Owners of commercial dog kennel on State Road 248 apply for permit
After relocating their doggie-daycare business from Midway to just outside of the Kamas City limits on State Road 248, the owners of Fetch Park City recently submitted an application to the Summit County Planning Department to continue operating in the new location.
The Eastern Summit County Planning Commission plans to hold a public hearing regarding the conditional-use permit request at 6:30 p.m. on Thursday, July 21, at the Summit County Courthouse, in Coalville. The item is listed for a public hearing and possible action.
Fetch Park City is located on a 50-acre property just outside of Kamas along State Road 248 in an area zoned for agriculture grazing. The business is requesting a variance in allowed uses to continue operating a dog-care business on the property legally, according to the applicant, Bob Saylor. His daughter, Tori, oversees the business.
Two years ago, the Saylors were in the process of purchasing a site in Park City. However, they ran into some issues when the city was unable to offer them a business license because the city lacked the provisions within the code to accommodate that sort of business.
When the issue was settled and Fetch Park City was issued a license in Park City, the location was no longer available, Saylor said, adding that they, instead, temporarily relocated the business to Midway until the Kamas Valley property became available in December.
Fetch Park City currently provides services to Summit and Wasatch County residents for short-term daycare services, including pick-ups and drops-offs. The property has a 3,000-square-foot climate-controlled space to house up to 40 dogs. At first, Fetch Park City will be primarily offering day and overnight boarding services, with the hopes of eventually expanding, according to a Summit County Planning Department staff report.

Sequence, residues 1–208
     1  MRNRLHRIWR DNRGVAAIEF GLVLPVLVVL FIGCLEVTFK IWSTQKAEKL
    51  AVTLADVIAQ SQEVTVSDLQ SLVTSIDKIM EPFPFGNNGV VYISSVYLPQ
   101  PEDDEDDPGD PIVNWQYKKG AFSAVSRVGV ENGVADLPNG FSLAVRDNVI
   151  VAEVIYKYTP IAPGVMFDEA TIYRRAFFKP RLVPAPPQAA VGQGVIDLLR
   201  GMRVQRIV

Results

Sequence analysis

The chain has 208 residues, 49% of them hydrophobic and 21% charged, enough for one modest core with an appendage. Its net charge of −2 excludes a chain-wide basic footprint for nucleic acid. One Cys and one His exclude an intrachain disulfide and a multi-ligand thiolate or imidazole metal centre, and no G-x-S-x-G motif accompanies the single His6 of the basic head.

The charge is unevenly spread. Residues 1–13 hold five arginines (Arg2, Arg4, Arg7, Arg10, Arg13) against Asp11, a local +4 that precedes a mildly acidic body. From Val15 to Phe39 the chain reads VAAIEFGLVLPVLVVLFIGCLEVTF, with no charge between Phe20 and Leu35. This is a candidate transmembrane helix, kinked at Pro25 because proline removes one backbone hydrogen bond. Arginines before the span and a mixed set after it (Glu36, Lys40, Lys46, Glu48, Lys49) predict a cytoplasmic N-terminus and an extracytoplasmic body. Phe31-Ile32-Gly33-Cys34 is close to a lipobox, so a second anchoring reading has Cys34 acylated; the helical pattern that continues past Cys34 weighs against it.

Saylor said traffic and noise impacts from the business are limited by its location. He said no more than two or three customers frequent the property at one time, adding that the business model is designed to reduce on-site visits.
The kennels and dog runs are located more than 200 feet from the closest property boundary, according to the staff report, which goes on to say that the design of the space and included fencing should further prevent dogs from escaping to nearby properties or chasing wildlife. About 10 homes are nearby.
Amir Caus, a Summit County planner, said staff has not yet found anything that warrants denial of the application, adding that the business meets the minimum requirements necessary for approval. Caus said homeowners within 1,000 feet of the property were notified of the upcoming hearing.
“There are just a couple of accessory buildings and one accessory dwelling unit that will be used for housing the dogs,” Caus said. “Other than that, they just have to meet the conditional-use criteria and I see that as being met so there are no real issues.”
To view the staff report on the conditional-use permit request, go to
http://summitcounty.org/AgendaCenter/ViewFile/Agenda/07212016-875?html=true under ‘Public hearing and possible action.’
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